The Flag That’s Never Furled

2014-08-25 BallyduffMemorial+
Translations of Psalm 60.4 vary, but it is something like “You (the Lord) have given those who fear you a banner so that they will not flee before your arrows”, which might work quite well alongside a Union jack. But in fact, only one source claims the poetic lines on the side of this Ballyduff electrical sub-station come from Psalm 60.4; they are rather the first stanza of a 1902 poem (earliest found mention)The Union Jack, by Edward Shirley, in Little Poems For Little People: 
‘Tis thy flag and my flag, the best of flags on earth;
Oh, cherish it my children, for ’tis yours by right of birth.
Your fathers fought, your fathers died, to rear it to the skies;
And we like them will never yield, but keep it flying high.
For the other three sides of the structure see Absent Friends | The Ultimate Sacrifice. For the mural in the distance (of the wide shot, below), see 1st East Antrim Ballyduff
Click and click again to enlarge (to full size)
Copyright © 2014 Extramural Activity
Camera Settings: f8, 1/1600, ISO 400, full size 3888 x 2592
2014-08-25 BallyduffMemorialWide+
Click and click again to enlarge (to full size)
Copyright © 2014 Extramural Activity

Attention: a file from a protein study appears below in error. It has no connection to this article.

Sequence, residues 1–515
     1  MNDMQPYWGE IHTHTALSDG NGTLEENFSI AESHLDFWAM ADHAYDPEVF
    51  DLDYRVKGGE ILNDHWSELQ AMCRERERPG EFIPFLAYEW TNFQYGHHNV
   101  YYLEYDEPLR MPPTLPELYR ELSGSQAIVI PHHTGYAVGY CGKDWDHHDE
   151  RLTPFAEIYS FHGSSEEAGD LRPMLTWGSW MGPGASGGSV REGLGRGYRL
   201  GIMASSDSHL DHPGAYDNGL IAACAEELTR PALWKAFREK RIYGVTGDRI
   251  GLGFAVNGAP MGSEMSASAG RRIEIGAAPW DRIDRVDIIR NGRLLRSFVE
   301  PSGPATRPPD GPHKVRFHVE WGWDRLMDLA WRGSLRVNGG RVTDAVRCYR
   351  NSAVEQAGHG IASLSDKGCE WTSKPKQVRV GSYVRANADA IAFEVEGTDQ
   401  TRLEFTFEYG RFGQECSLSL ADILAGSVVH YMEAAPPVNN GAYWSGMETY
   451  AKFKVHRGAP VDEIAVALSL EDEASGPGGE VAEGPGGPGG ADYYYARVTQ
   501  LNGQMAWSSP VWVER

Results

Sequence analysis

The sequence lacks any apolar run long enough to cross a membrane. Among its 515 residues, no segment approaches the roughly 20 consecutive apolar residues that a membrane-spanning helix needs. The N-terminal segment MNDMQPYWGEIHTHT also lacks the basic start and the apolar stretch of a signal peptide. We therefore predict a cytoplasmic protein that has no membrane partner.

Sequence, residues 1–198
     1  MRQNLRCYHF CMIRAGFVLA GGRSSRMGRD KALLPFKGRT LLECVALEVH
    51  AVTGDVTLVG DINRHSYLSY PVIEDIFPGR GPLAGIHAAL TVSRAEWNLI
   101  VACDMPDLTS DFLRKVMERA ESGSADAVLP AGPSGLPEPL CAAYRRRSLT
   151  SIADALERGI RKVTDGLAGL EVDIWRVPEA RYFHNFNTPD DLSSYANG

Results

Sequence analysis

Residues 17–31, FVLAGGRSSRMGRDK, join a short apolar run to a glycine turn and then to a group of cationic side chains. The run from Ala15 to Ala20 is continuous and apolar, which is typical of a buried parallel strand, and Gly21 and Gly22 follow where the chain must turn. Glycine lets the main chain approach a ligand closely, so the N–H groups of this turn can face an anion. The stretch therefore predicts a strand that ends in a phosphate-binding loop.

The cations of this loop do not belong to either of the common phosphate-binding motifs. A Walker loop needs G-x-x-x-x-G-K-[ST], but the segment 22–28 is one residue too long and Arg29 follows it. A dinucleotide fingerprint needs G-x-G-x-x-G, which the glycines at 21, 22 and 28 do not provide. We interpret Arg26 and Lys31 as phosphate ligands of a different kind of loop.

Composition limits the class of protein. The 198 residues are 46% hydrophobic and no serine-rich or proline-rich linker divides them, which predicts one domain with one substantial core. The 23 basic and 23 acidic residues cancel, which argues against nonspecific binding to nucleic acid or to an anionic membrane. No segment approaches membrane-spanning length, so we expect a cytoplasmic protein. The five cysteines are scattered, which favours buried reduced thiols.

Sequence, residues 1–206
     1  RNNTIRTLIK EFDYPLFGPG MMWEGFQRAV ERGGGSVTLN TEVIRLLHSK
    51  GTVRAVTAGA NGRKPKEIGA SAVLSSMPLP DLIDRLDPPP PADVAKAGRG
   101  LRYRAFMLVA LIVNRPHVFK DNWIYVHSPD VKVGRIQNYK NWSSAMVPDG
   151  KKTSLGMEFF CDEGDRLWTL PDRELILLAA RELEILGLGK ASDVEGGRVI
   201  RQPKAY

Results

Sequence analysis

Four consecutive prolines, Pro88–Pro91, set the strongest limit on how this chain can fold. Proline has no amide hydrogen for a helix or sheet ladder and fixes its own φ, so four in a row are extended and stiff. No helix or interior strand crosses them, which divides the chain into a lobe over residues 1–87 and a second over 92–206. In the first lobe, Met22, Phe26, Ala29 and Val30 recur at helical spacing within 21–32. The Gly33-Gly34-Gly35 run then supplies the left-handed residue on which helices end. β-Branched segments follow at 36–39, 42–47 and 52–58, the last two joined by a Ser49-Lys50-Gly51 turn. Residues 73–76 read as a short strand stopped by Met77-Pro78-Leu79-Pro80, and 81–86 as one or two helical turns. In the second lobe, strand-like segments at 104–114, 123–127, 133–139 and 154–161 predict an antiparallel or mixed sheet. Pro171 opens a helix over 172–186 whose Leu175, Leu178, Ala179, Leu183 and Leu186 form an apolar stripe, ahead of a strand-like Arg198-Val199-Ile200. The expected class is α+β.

Camera Settings: f8, 1/640, ISO 400, full size 3888 x 2280
text: X02110 X02113 at the going down of the sun 1914 1918 uvf ycv rir ulster volunteer force young citizen royal irish rifles
so cherish it my children it’s yours by right of birth to raise it to the skies must never yield john stewart

Leave a Reply

Fill in your details below or click an icon to log in:

WordPress.com Logo

You are commenting using your WordPress.com account. Log Out /  Change )

Google+ photo

You are commenting using your Google+ account. Log Out /  Change )

Twitter picture

You are commenting using your Twitter account. Log Out /  Change )

Facebook photo

You are commenting using your Facebook account. Log Out /  Change )

Connecting to %s

This site uses Akismet to reduce spam. Learn how your comment data is processed.